We all get by with a little help from our friends, and this is especially true of people who have lost weight and kept it off. In one study among women who went through a 12-week weight loss program, 74 percent of them maintained their loss or lost more in the three years after the program ended. Those who reported having a support system around eating well were more likely to keep the weight off. (Support around exercise didn’t seem to matter.) Another study found that the type of support you receive matters, too. Your friend who’s cheering you on isn’t likely to be as helpful as your friend who will pass on the fries when you’re trying to eat well. When you’re going out to eat, join friends who will support your healthy eating goals and go to a museum or movie with those who are less likely to be in it with you. Your pals who are in the trenches with you are more likely to hold you accountable, and that’s going to help you in the long run.
You might feel silly, but it works. When Alan R. Hirsch, MD, neurological director of the Smell & Taste Treatment and Research Foundation in Chicago, tried this with 3,000 volunteers, he found that the more frequently people sniffed, the less hungry they were and the more weight they lost—an average of 30 pounds each. One theory is that sniffing the food tricks the brain into thinking you’re actually eating it.
Studies found that people who keep food diaries wind up eating about 15 percent less food than those who don’t. And, new research suggests logging what you eat is one of the most effective and easy ways to lose weight. Watch out for weekends: A University of North Carolina study found people tend to consume an extra 115 calories per weekend day, primarily from alcohol and fat. Then cut out or down calories from spreads, dressings, sauces, condiments, drinks, and snacks; they could make the difference between weight gain and loss. Here are 50 easy ways to lose weight naturally.
Mindfulness matters. “If you slow down and stop just mindless eating, you often realize you don’t need to eat as much as you thought you did; you’re already full,” said Dr. Steinbaum.” Part of this is watching portion sizes, which have ballooned in restaurants over the past 40 years, leading adults to consume an average of 300 more calories per day now than they did in 1985. Did you know that one serving of bread is actually just one slice? Or one serving of pasta or rice is just half a cup? And a serving of cheese is only two ounces, or the size of a domino? You’re probably eating much more than you realized. “There have been multiple studies that see keeping a food journal is effective,” said Dr. Steinbaum. “When you start paying attention, you can really see what you’re doing.”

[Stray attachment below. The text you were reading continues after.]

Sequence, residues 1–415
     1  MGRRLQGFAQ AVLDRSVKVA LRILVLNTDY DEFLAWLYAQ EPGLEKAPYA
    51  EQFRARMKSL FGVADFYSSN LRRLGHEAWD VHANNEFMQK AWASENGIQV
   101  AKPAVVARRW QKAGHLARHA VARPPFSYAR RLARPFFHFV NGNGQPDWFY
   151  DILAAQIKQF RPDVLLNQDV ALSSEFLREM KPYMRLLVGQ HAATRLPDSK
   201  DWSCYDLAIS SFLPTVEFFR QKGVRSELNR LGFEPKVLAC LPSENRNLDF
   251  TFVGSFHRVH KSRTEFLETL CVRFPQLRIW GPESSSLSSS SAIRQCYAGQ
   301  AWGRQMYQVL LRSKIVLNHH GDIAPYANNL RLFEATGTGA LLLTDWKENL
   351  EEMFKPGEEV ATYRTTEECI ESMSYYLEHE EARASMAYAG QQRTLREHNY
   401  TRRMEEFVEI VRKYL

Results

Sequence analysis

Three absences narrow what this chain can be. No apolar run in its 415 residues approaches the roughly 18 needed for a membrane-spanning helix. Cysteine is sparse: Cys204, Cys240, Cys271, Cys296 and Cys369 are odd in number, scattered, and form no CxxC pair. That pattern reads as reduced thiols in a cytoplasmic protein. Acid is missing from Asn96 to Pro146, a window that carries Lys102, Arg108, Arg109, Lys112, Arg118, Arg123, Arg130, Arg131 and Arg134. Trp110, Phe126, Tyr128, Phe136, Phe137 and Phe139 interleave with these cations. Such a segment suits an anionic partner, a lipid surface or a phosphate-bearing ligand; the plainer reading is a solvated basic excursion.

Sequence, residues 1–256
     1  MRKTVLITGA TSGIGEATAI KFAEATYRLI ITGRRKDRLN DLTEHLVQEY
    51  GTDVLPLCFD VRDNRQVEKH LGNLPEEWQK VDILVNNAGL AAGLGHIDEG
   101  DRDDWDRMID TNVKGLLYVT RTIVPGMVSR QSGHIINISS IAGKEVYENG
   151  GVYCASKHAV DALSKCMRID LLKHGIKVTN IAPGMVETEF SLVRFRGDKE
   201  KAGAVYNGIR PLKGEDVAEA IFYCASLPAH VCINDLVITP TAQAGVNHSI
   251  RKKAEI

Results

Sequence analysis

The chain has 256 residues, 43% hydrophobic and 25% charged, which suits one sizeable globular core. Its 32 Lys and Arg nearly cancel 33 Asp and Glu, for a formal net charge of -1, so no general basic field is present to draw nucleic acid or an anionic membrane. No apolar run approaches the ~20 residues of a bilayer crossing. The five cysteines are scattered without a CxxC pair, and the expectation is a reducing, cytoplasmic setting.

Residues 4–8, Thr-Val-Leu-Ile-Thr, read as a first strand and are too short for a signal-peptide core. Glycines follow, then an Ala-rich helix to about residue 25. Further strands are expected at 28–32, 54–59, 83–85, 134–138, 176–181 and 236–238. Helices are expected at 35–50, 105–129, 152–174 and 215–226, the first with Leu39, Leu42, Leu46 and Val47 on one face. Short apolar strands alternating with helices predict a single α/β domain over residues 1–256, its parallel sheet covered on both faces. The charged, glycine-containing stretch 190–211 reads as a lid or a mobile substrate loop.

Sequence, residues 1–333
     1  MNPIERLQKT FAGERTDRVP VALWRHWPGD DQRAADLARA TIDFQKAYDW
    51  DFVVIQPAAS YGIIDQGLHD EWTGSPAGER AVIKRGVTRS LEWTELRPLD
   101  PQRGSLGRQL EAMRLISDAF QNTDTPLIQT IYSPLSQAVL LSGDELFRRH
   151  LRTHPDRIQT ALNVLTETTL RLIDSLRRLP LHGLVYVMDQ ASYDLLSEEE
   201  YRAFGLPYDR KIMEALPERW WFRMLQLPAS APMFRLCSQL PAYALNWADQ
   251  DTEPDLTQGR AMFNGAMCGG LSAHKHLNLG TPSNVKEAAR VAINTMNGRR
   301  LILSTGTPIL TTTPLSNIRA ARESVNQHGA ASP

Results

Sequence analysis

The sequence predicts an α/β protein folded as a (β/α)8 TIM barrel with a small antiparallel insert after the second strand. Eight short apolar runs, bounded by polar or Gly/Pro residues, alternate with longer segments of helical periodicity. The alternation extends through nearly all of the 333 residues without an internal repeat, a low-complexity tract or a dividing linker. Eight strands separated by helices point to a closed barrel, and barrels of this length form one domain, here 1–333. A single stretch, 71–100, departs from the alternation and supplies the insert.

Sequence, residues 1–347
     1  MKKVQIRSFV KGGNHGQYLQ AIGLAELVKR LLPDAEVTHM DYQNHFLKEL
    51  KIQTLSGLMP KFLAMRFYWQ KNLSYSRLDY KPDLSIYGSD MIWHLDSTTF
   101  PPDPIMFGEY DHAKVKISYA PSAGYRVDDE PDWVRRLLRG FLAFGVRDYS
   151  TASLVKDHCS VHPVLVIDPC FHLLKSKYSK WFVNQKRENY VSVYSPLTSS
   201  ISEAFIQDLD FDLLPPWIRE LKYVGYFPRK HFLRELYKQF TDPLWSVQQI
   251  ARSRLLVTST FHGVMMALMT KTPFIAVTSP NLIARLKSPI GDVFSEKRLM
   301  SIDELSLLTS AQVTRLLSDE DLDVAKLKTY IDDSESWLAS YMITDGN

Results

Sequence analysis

The notion that abdominal obesity is the most dangerous kind isn't new. Back in the 1940s, the French physician Jean Vague observed that some obese patients had normal blood chemistry, while some moderately overweight patients showed serious abnormalities that predisposed them to heart disease or diabetes. Almost always, the latter patients carried their fat around their middles. And, almost always, they were men.
If you don’t have an established exercise routine, simply walking is the best first step toward weight loss. “Walking is a pretty good entry point for people,” says Gagliardi. This is particularly true if you have been out of the gym for a while and want to ease back into a workout routine. One small study published in The Journal of Exercise Nutrition & Biochemistry found that obese women who did a walking program for 50 to 70 minutes three days per week for 12 weeks significantly slashed their visceral fat compared to a sedentary control group.
In other words, sticking with an exercise regimen can trigger sticking with a healthier diet, but it's best if you don't think of it as a way of burning off calories for the sake of weight loss. So, cultivate an exercise practice you actually enjoy, stick with it, and know that it’s making you healthier, and let it inspire you to make the choices you consider healthy.
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Close the Kitchen at Night. Establish a time when you will stop eating so you won't give in to the late-night munchies or mindless snacking while watching television. "Have a cup of tea, suck on a piece of hard candy or enjoy a small bowl of light ice cream or frozen yogurt if you want something sweet after dinner, but then brush your teeth so you will be less likely to eat or drink anything else," suggests Elaine Magee, MPH, RD, WebMD's "Recipe Doctor" and the author of Comfort Food Makeovers.